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The Eternal Arch: Ruben's Portal Between Nature and Technology
NCO 045
2023-04-14
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by
0xB6734B4E01D1cD9A626efD6c86F031cBbF9B4936

Introducing contemporary artist Ruben Montoya, whose work transcends boundaries to explore themes of decay, resilience, and metamorphosis. Montoya's sculptures are a fusion of technological components, silicone, and animal parts, weaving a mythological narrative of survival and transformation. Reflecting the experiences of marginalized communities, his art challenges dominant tastes in Latinx art by embracing the abject and the fantastic. Montoya's imaginative creations breathe life into everyday objects, revealing the extraordinary stories hidden within the mundane.

N: Hi Ruben, it's a pleasure to speak with you. I'd love to catch up on your recent endeavors. How have you been, and what projects or concepts have you been exploring in your art lately?

R: I'm doing well. I go from making monthly pieces, but I'm just finishing the logistical part of my art practice. Currently, I'm thinking about jade and obsidian and how that shiny, reflective and ancient rock used by many ancient cultures can be thought of conceptually through pigmented silicone. Neither elements have expiration dates, but in a more mercurial way, I can twist, fold, and interact with silicone the same way that a polished mineral can.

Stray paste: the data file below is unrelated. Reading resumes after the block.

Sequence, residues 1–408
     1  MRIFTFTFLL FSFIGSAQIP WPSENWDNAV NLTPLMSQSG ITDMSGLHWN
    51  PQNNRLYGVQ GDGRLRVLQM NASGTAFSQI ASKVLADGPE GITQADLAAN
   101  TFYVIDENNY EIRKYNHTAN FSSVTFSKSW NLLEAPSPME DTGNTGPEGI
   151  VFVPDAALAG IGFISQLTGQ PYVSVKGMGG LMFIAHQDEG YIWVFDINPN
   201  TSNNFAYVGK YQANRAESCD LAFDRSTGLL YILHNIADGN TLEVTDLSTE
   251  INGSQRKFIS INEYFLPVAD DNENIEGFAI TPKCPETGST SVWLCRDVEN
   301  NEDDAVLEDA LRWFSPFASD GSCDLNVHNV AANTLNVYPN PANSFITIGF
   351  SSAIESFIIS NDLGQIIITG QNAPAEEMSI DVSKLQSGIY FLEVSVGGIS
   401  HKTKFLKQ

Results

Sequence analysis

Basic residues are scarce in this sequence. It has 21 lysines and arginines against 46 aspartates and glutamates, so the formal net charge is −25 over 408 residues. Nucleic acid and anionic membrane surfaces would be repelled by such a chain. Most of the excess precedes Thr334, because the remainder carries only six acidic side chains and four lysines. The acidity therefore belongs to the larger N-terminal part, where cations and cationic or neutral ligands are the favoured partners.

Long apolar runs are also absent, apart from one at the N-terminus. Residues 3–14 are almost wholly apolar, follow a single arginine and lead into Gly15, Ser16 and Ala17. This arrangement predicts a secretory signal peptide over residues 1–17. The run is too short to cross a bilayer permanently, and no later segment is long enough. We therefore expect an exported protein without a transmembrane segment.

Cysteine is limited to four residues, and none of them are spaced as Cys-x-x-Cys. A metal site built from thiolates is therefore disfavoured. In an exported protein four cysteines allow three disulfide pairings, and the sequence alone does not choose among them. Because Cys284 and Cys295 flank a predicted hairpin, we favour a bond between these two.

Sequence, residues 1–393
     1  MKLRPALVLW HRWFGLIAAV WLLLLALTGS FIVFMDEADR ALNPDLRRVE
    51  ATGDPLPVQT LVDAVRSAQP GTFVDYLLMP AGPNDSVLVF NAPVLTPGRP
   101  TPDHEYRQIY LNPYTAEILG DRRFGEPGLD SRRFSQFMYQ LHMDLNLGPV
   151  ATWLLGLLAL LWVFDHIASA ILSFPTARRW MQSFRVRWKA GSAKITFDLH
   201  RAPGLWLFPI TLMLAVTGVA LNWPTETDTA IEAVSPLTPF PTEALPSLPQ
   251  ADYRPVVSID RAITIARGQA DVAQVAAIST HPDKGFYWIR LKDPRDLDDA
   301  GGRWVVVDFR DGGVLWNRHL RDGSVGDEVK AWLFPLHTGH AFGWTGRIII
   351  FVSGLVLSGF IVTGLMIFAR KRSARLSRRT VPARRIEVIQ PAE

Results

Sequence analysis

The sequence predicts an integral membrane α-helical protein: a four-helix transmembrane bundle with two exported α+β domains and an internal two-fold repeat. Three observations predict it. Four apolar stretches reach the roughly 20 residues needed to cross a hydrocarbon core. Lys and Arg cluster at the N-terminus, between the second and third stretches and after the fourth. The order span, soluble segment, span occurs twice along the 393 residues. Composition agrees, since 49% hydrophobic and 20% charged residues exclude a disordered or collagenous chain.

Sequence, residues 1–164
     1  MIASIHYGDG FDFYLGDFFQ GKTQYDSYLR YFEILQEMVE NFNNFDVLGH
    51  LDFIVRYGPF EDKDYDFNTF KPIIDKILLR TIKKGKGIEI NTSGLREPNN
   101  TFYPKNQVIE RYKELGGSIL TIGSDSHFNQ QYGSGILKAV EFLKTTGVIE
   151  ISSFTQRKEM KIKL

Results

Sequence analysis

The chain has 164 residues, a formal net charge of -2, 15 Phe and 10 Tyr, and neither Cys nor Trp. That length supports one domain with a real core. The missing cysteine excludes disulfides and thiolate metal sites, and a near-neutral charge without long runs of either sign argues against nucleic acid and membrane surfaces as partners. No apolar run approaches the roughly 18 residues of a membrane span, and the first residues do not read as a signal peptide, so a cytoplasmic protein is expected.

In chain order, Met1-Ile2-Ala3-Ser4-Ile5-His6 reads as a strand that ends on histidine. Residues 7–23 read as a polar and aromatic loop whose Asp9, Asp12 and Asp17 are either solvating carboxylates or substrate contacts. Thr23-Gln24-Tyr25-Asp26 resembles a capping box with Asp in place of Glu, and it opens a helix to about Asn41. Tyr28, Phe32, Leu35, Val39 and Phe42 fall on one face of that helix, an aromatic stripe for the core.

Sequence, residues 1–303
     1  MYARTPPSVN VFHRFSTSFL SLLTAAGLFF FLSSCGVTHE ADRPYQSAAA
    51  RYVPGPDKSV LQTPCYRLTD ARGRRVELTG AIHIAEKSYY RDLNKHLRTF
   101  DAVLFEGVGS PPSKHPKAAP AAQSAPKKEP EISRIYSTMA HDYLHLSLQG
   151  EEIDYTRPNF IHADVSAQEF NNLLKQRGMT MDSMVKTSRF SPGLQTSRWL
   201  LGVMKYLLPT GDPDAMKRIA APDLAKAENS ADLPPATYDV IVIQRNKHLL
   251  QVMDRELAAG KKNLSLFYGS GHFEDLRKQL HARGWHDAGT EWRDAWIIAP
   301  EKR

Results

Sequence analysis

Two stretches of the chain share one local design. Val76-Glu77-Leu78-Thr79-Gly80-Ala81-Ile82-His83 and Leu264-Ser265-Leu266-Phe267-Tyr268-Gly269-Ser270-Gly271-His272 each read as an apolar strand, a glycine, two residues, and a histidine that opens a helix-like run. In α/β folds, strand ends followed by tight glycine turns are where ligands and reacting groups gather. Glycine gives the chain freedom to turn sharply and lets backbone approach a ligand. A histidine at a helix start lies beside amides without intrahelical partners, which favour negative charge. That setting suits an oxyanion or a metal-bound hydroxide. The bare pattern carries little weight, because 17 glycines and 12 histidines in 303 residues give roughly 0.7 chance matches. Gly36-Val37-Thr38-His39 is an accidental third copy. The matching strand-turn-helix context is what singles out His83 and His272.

N: Your sculptures often depict hybrid creatures inspired by ancient mythologies, seemingly caught mid-metamorphosis. This concept of shapeshifting in your work serves as a metaphor for the adaptation of "Othered" communities, such as those marginalized by race, sexuality, or economic power. Can you share more about how this theme relates to your personal experiences? Have you had instances in your life where you've had to "shapeshift" in order to adapt?

R: I grew up in a community of migrants less than 1,000 Grindr feet from the border to Mexico. Growing up in America, all of us, including myself, were assimilating to Western perceptions of being and looking. We had to shapeshift for survival, to blend in. That's something I'm always aware of. How do you survive in instances and places that were not built for you? You quiet down, subdue yourself. But other times, you have to be like the Seven of Swords from the tarot: become a trickster and find cunning ways to move about the world with different identities and skills to get where you want to go.